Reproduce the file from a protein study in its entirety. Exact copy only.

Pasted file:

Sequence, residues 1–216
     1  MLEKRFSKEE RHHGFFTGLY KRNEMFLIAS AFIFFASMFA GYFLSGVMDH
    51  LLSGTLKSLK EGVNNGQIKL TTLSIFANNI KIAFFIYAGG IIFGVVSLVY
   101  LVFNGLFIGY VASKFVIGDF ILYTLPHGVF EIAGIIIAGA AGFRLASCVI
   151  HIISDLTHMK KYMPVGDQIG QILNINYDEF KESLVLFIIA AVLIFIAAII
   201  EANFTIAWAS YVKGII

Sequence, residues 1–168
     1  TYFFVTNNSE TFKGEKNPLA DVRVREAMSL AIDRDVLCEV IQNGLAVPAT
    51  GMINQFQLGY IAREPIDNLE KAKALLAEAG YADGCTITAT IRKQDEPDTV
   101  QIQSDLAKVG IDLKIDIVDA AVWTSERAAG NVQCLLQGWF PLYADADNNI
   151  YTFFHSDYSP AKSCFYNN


Sequence, residues 1–216
     1  MLEKRFSKEE RHHGFFTGLY KRNEMFLIAS AFIFFASMFA GYFLSGVMDH
    51  LLSGTLKSLK EGVNNGQIKL TTLSIFANNI KIAFFIYAGG IIFGVVSLVY
   101  LVFNGLFIGY VASKFVIGDF ILYTLPHGVF EIAGIIIAGA AGFRLASCVI
   151  HIISDLTHMK KYMPVGDQIG QILNINYDEF KESLVLFIIA AVLIFIAAII
   201  EANFTIAWAS YVKGII

Sequence, residues 1–168
     1  TYFFVTNNSE TFKGEKNPLA DVRVREAMSL AIDRDVLCEV IQNGLAVPAT
    51  GMINQFQLGY IAREPIDNLE KAKALLAEAG YADGCTITAT IRKQDEPDTV
   101  QIQSDLAKVG IDLKIDIVDA AVWTSERAAG NVQCLLQGWF PLYADADNNI
   151  YTFFHSDYSP AKSCFYNN